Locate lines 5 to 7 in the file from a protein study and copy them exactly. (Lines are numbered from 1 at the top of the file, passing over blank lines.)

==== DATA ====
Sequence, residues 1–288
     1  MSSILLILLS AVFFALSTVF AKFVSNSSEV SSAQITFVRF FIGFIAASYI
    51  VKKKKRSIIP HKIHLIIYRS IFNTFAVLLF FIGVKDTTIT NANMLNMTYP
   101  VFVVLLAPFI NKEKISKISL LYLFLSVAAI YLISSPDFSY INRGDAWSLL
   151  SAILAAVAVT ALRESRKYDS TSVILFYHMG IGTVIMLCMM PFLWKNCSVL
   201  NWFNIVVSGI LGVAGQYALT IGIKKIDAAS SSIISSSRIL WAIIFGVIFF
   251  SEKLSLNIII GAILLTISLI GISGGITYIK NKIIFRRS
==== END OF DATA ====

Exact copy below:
   151  SAILAAVAVT ALRESRKYDS TSVILFYHMG IGTVIMLCMM PFLWKNCSVL
   201  NWFNIVVSGI LGVAGQYALT IGIKKIDAAS SSIISSSRIL WAIIFGVIFF
   251  SEKLSLNIII GAILLTISLI GISGGITYIK NKIIFRRS